According to a Dow Jones Newswires report in the Wall Street Journal, going-concern statements have their bright side.
The statments are written by an auditor and attached to an initial public offering to suggest that there’s doubt a company can stay in business. According to a recent study by two accounting professors, this usually leads to an IPO’s being priced more reasonably and precisely.
Many analysts complain that IPOs are intentionally underpriced so that the day it opens, it’s guaranteed to rise. Not so with companies with going-concern statements, say James KcKeown of Smeal College of Business Administration at Penn State University and Michael Willenborg of the University of Connecticut.
It would seem counterintuitive to buy such stocks, but a surprising number of them actually make it public. McKeown and Willenborg found that in 1993 and 1994, 25 percent of the 280 companies that went public had going-concern statements, says the Dow Jones report.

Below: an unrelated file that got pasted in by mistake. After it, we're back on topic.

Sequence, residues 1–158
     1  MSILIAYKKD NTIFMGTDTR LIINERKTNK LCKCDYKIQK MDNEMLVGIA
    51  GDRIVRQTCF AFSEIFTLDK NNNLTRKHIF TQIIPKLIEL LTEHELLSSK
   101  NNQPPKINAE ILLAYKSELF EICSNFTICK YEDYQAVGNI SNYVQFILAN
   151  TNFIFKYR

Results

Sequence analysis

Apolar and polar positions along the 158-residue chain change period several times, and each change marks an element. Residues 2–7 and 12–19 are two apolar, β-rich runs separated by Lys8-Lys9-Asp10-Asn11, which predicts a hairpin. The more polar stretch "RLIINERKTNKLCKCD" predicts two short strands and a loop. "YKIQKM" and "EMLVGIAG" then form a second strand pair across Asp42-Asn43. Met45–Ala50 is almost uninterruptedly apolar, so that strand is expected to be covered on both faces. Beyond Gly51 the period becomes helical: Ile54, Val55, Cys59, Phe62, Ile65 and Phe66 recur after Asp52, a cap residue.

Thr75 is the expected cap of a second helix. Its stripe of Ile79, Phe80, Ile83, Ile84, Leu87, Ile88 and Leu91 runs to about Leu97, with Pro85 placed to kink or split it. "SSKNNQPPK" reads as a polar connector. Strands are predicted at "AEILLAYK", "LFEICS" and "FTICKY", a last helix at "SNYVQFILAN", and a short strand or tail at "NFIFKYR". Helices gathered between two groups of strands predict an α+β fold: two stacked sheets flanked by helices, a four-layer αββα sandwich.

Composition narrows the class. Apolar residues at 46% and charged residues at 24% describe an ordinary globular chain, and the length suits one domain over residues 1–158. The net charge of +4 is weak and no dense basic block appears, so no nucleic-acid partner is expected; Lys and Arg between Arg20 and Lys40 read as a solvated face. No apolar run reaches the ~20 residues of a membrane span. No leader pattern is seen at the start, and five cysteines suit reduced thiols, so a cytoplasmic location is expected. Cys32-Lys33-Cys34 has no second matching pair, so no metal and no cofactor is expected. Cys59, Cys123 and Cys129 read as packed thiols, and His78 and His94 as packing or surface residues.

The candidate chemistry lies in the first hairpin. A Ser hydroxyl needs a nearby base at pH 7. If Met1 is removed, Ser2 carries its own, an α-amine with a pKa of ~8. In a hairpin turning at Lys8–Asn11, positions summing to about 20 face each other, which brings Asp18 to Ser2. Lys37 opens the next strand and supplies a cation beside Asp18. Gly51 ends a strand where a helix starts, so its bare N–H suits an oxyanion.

The professors are quick to add that such companies, though they do make it to public markets, should be taken for what they are: companies with something amiss in their business plans.
Why do people buy these stocks? Mostly, they don’t pay attention, according Dow Jones, which quotes IpoPros.com president Ben Holmes: “When the IPO market is hot, people don’t care about fundamentals.”